How many people think that a translator’s job consists of copying some text into Google translate (or similar), tidying it up a bit and sending it back to the customer. Machine translation programmes can be useful when you don’t speak the language and need to get the gist of an email or letter, however, they are often useless.
Sometimes, the only tools available are a brain, some online dictionaries and some IT equipment, as was the case with an enormous trademark infringement claim I have just finished.
The clients, an important law firm, said that they wanted their monstrous 45,000 words pdf of a judgement within two weeks, a deadline they suddenly reduced to one week after I had started, without giving any reason (or offering to pay extra)! Unfortunately, even though I tried every trick in the book, I couldn’t convert it into an editable word document, which meant typing everything from scratch, numbers and all.
Luckily, I have plenty of IT equipment, and I set myself up with two large screens. I used the right-hand screen to display the rotten pdf at 150%. I divided my big PC screen into two, with Chrome on the left to search for possible English versions of judgements of the European Court of Justice and the Spanish Courts, and European and Spanish laws and regulations for verbatim quotes. The document also contained quotes from US Court Cases. I had about 11 tabs open in the browser at one point!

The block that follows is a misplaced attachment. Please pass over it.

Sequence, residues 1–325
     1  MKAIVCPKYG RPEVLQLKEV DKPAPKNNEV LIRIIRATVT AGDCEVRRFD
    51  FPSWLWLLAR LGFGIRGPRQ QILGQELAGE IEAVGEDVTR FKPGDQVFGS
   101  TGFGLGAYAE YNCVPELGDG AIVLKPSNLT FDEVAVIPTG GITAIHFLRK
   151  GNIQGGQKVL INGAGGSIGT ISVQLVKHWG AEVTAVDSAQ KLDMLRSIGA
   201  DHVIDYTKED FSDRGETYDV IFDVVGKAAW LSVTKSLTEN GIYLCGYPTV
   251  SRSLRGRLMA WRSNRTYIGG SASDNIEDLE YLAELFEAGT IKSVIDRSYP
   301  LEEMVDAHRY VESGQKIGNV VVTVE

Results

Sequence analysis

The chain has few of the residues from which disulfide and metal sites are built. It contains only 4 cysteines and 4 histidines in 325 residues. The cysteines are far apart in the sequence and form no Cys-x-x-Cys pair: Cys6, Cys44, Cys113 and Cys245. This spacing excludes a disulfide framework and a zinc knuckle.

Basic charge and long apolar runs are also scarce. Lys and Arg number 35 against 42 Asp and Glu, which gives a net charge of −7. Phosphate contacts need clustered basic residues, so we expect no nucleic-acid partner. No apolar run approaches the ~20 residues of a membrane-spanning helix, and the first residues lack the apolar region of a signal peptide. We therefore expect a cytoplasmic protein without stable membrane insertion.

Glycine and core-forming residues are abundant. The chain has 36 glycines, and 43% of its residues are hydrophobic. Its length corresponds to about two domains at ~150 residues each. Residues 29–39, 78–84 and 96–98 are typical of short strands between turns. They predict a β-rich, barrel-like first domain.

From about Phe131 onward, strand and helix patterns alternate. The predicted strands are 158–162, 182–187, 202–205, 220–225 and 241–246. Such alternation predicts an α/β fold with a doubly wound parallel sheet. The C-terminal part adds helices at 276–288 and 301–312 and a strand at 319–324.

To cap it all, the document was written in the pretentious legalese adored by Spanish lawyers. Why say something in 10 words when you can say it in 200, and pepper it with Latin expressions and weird formatting?
Do not despair, I thought to myself. Just get down to it! One day and 12 pages into the job, I received another email. “Stop”, said the project manager. “They want this summary urgently, do this one first!” It was over 9,000 words long and they wanted it in 24 hours.
By this time, I was beginning to hate this job. What do I do when this happens? Do I give up? No I don’t. My answer is usually to work non-stop until I finish. I worked all weekend and finished the job on Monday, checked it on Tuesday, sent it back on Tuesday evening, within four working days instead of the original two-week deadline.
Being a translator is about resourcefulness, skill and persistence. It has almost nothing to do with Google translate!